Sir Terence Rattigan
- (1911 - 77) British playwright, whose well-structured playsenjoyed enormous success in the years before and after World War II.At one time three of his works were running simultaneously in theWest End. Rattigan was knighted in 1971, the first dramatist to beso honoured since the war.
When Rattigan was a young man his father, a wealthy diplomat,agreed to finance his writing for a maximum of two years. After 23months, Rattigan produced his first comedy, French Without Tears(1936), about a group of young Englishmen learning French in a crammer.It ran for 1049 performances at the Criterion Theatre, providingRattigan with perhaps the greatest success ever enjoyed by a West End newcomer.Rattigan was emotionally devastated by the play's opening night. Whenthe audience rose to its feet with cries of "Author, author"he vanished and was found looking ill and supporting himself againsta back wall. When Rattigan finally stepped forward to acknowledgethe applause, the curtain landed heavily upon his head.
His second success, After the Dance, dealt with thedanger of stifled passion; it was revived by the BBC in 1993. Hisgreat wartime successes included a drama inspired by his days in theRAF, Flare Path (1942), and While The Sun Shines (1943),which ran for 1154 performances. The Winslow Boy (1946), whichwon many awards, told the true story of a father's campaign to provehis son innocent of an act of petty theft. Later outstanding works included The Browning Version (1948), The Deep Blue Sea (1952), a moving story about adultery and suicide (written after the suicideof his lover Kenneth Morgan), Separate Tables (1955),and Ross (1960) in which Sir Alec Guinness starred asT. E. Lawrence.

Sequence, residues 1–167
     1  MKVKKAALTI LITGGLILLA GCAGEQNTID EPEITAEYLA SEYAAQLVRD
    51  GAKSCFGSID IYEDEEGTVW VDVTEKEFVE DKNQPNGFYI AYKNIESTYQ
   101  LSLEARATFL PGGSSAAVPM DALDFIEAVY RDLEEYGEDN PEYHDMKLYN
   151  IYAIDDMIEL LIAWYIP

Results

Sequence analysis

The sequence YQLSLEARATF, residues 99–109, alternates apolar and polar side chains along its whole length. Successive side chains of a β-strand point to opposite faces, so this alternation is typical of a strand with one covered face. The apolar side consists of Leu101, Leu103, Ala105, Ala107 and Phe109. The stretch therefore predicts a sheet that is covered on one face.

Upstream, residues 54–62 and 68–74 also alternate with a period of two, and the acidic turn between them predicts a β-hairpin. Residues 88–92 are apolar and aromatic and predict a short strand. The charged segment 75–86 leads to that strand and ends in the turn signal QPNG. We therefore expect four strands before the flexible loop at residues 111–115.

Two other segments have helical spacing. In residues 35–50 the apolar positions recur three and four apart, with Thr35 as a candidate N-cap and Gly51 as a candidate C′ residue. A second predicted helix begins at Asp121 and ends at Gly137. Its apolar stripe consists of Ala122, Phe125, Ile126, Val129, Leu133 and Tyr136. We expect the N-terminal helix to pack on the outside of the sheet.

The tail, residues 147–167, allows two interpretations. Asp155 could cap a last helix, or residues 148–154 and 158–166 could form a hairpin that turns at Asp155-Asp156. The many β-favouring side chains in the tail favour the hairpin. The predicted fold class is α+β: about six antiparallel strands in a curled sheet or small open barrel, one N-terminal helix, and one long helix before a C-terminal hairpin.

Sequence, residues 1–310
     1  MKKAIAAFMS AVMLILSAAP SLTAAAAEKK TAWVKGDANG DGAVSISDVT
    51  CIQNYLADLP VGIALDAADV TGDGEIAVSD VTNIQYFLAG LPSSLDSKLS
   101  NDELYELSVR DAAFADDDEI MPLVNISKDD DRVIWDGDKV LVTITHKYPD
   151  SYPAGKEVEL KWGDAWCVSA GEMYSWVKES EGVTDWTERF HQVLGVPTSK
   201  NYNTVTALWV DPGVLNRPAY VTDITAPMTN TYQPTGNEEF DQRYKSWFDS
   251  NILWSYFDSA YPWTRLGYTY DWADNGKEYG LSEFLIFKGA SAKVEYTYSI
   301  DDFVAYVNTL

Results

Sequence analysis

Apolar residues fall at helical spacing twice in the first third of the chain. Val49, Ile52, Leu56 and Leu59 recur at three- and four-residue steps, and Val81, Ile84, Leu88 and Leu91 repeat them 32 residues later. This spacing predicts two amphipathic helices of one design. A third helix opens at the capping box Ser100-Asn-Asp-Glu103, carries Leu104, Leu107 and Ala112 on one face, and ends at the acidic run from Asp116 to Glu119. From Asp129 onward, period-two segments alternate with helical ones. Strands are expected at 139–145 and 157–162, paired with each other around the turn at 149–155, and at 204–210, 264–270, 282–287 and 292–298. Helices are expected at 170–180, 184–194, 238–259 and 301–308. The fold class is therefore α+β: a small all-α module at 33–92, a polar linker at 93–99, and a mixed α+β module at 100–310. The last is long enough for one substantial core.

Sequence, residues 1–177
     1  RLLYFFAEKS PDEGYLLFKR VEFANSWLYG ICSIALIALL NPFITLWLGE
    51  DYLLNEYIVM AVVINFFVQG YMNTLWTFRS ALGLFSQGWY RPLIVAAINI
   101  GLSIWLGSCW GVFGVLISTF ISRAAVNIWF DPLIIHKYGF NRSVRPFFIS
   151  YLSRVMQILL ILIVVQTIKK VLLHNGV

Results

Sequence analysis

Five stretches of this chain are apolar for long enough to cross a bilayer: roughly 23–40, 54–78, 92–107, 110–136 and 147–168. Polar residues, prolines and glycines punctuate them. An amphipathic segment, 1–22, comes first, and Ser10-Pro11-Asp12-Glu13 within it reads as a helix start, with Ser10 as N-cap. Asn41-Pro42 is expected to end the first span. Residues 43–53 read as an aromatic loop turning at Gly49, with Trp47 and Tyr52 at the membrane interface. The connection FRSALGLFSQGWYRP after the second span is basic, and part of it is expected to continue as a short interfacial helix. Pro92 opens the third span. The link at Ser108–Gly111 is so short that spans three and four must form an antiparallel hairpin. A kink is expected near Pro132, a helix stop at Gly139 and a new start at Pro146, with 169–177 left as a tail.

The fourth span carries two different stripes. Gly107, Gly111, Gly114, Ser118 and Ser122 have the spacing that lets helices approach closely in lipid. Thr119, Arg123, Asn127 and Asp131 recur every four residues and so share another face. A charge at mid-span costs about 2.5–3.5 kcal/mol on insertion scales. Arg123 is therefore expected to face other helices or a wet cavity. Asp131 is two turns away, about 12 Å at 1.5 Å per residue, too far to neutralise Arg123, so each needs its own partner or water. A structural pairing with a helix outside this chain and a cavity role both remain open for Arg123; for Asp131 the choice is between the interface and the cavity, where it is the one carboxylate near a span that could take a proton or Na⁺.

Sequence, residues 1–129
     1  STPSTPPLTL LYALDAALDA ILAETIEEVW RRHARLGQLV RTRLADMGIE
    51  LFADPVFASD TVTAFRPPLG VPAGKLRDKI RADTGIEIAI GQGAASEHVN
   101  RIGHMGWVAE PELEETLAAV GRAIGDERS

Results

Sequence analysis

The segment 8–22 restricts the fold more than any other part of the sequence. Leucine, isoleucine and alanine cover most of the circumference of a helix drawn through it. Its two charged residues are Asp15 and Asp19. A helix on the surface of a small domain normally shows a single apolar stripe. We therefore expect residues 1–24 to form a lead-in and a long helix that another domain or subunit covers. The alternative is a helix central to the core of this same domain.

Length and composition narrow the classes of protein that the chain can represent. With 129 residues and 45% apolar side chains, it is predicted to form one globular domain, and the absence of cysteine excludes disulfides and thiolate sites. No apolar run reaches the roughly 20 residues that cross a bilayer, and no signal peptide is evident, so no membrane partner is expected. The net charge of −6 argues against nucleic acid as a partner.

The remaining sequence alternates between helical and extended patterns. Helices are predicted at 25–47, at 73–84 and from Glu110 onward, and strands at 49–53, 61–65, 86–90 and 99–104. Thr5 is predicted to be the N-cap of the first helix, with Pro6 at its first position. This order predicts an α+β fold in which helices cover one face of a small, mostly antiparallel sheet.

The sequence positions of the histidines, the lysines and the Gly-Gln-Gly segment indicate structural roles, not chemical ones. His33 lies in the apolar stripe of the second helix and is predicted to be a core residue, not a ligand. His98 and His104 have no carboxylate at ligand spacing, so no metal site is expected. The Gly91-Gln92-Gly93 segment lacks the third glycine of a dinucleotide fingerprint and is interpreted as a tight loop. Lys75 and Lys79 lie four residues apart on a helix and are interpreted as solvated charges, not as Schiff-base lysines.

Rattigan lived an extravagant life, driving a Rolls-Roycewith a personalized number plate and gambling away the £25,000he made from French Without Tears in three weeks. His lifestyleand attitudes were diametrically opposed to those of the AngryYoung Men of the mid 1950s, who tended to regard his work asthe epitome of everything they disliked in contemporary drama.Rattigan stated publicly that he hated Osborne's Look Back inAnger (1956) and as the new kitchen sink realism becamepopular his reputation waned, along with that of Noël Cowardand others of his generation. "We were told we were old-fashioned,effete, and corrupt," he said. More recently, however, there hasbeen a resurgence of interest in Rattigan's work. This trend began with arevival of The Deep blue Sea at the Almeida Theatre in 1993,the first major production since its premiere over 40 years earlier.Successful revivals of The Winslow Boy, Separate Tables,and other lesser known works have followed. see also Aunt Edna.